Whitewater River RaftingNews & Blog

Klamath River Dam Removal Project Summer 2024 Update

All Lower Klamath trips are being referred to our Deschutes River 3 Day river rafting trip which offers a similar experience with Class 2-3 rapids – a perfect trip for families ages 4+! See more details on this change below.

The Klamath Dam removal project, which began in 2023, has affected both the Upper and Lower Klamath portions of our whitewater rafting trips for the 2024 season. The Upper Klamath is directly affected by the location of the dam removal while the Lower Klamath portion is seeing an increase of sediment downstream from the project. After connecting with local agencies, and considering the best course of action for the project and guests, we will not be running whitewater trips on either section of the Klamath River this summer. We are in full support of the Klamath Dam removal project and reviving a river to its natural state.


The Klamath River, one of Califonia’s first Wild and Scenic rivers and once the third largest salmon-producing river on the West Coast, has been drastically altered in the last century by six hydroelectric dams. These dams have disrupted the natural flow of the river, stagnating and warming the waters. The damming of the Klamath River has had long-lasting effects on the people and wildlife that call the river corridor home. Salmon, in particular, have been greatly impacted, the warm waters causing stress and disease, and the dams themselves reducing salmon habitat and blocking them from reaching their native spawning grounds. 

Native American tribes living in the Klamath River Basin have also suffered, as salmon have long been one of their primary food sources. The Yurok, Karuk, and Hoopa Valley Tribes have been advocating for the removal of four Klamath dams since 2001. In 2020, after two decades of negotiations over water rights and salmon runs, the Klamath River Renewal Corporation announced that the JC Boyle, Copco 1, Copco 2, and Iron Gate dams would be removed, in what will be the largest dam removal and river restoration project in history. The removal is an incredible win for the Klamath River and a step to restoring a cultural landscape that Indigenous peoples have called home since time immemorial.

The smallest dam, Copco 2, was removed in 2023, and the drawdown process started at Copco 1, JC Boyle, and Iron Gate dams in January 2024. During the drawdown, the reservoirs behind each dam were drained, releasing the water back into the Klamath River. By mid-February, the drawdown process was complete. Revegetation of the now-emptied reservoirs is underway; tribal members have been collecting native seeds and propagating native plants in nurseries for more than five years, and more than 17 billion seeds will be planted. Throughout the rest of the year, the four dams will be completely removed from the Klamath River.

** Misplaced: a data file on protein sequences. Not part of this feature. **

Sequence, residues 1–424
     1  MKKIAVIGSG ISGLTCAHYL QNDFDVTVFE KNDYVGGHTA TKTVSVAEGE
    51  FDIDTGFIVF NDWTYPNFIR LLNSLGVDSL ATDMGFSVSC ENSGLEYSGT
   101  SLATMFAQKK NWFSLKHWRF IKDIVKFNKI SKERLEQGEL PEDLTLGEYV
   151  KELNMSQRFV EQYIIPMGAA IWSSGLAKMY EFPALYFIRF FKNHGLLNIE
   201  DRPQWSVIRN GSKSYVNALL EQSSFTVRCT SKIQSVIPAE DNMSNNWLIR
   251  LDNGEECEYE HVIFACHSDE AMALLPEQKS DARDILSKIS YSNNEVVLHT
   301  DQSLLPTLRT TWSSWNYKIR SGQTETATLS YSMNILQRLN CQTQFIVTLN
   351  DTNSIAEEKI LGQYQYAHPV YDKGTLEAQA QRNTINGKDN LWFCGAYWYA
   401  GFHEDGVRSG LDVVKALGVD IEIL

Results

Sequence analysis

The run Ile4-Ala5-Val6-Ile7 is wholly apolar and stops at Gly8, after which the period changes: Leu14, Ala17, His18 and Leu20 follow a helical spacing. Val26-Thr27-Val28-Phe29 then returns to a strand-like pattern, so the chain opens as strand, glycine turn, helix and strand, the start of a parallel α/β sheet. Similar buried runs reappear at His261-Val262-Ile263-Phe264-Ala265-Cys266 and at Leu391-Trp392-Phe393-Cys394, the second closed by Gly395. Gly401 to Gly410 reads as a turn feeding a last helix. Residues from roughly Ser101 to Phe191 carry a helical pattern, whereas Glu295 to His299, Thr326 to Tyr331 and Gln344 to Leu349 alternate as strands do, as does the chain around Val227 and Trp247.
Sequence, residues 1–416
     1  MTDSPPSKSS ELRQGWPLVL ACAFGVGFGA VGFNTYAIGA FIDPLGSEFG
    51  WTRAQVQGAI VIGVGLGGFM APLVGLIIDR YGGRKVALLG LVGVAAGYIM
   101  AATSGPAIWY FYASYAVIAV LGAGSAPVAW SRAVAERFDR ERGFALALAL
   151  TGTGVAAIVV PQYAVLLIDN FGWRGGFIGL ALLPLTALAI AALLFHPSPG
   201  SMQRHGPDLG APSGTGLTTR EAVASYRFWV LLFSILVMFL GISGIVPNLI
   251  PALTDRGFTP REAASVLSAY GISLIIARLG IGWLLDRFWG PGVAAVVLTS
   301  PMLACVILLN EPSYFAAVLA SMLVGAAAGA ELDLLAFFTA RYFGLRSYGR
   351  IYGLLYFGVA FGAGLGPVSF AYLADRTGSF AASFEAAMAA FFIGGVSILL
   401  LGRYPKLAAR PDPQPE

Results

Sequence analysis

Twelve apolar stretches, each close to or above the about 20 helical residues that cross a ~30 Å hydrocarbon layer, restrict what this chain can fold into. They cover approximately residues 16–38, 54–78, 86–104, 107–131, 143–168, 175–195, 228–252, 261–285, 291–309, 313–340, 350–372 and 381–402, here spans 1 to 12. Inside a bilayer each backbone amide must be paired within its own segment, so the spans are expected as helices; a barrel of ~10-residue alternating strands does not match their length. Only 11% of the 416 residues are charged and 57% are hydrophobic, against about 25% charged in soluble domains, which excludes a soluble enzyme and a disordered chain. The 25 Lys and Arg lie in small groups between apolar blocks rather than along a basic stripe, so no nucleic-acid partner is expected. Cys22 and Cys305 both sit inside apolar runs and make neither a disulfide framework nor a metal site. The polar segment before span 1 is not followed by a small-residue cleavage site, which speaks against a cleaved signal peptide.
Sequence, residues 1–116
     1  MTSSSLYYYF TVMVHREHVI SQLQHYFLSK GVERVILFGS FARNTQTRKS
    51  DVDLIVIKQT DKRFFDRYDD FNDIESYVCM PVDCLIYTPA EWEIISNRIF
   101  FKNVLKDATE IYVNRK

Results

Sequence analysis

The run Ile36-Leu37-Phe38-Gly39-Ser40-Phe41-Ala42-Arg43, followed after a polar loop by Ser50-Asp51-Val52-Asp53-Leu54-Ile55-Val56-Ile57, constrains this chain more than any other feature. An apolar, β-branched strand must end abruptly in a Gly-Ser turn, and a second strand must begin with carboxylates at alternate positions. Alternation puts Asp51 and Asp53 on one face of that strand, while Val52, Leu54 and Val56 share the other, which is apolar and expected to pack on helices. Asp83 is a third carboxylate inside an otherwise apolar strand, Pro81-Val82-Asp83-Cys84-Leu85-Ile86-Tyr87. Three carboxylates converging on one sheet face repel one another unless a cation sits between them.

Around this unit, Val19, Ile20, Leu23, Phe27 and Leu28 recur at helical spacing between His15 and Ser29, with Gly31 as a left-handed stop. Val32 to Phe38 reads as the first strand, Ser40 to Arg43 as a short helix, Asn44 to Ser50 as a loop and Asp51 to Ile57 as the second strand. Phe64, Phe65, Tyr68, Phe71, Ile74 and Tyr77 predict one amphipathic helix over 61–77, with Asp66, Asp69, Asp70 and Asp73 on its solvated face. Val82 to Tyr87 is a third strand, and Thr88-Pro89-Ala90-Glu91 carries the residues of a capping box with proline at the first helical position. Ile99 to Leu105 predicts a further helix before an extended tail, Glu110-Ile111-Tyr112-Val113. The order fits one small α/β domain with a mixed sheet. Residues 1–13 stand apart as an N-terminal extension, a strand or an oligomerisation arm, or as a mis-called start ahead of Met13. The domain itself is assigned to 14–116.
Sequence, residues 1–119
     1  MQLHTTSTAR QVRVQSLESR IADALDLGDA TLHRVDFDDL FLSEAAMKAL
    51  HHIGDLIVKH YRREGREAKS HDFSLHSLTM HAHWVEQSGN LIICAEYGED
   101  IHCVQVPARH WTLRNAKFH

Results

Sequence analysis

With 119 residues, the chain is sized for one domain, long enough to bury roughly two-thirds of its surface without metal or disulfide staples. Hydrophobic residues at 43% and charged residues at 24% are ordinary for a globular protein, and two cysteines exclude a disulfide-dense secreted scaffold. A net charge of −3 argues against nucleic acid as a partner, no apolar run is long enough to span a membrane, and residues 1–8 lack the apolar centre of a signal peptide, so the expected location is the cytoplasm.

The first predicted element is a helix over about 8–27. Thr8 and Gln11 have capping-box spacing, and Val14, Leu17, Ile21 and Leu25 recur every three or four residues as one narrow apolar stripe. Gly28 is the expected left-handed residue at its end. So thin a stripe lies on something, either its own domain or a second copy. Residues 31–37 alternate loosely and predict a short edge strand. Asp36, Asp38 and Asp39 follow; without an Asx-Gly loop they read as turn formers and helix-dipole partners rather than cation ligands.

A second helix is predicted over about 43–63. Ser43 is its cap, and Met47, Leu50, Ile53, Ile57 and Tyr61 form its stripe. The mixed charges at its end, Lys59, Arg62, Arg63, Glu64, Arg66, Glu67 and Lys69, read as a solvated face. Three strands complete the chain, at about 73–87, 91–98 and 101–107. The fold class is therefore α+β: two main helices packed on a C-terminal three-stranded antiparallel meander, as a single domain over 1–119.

However, dam removal is a messy affair. Over a century’s worth of sediment has accumulated behind the dams, an estimated 17 to 20 million cubic yards of silt, clay, and dead algae. The reservoir drawdown released about half of that sediment into the river, which will cause a few negative short-term impacts as the sediment disperses and the river finds its historic bed. Fish, in particular, will be affected, though every effort has been made to move young salmon to safe, creek-fed holding ponds while the sediment settles.

The dams’ removal will also affect short-term rafting opportunities on the river. The Klamath is unlikely to see any whitewater rafting during 2024 as the reservoirs are drawn down and the dams are deconstructed. Future trips may also change, particularly on the Upper Klamath River; summer rafting trips on this section have long been possible because of the daily, timed release of water from the JC Boyle Dam, which is set to be removed this year. Without a dam release, the river will return to its natural, seasonal flow, potentially limiting the rafting season to the spring.

However, the restored Klamath River will, with the dams’ removal, flow free for an incredible 250 miles to the Pacific Ocean. There is the potential for new multi-day trips, and new river access points near the removed dams are being built into the restoration plan. 

The short-term effects following the dam removals on the Klamath are not expected to last long, and previous dam removal projects have shown that rivers are quick to recover. In fact, according to data gathered by the Karuk Tribe downstream of Iron Gate, O2 saturation levels are already up following the drawdown, turbidity is dropping, and conditions throughout the ecosystem are improving. In the end, with the dams removed, the Klamath River will run colder and clearer, hundreds of miles of salmon habitat will be opened, and water quality will be improved for people and wildlife.

For more information, read our Klamath Dam blog series, links below.
Klamath River Dam Removal Project Update: August 5, 2023
Klamath River Dam Removal Project Begins: May 8, 2023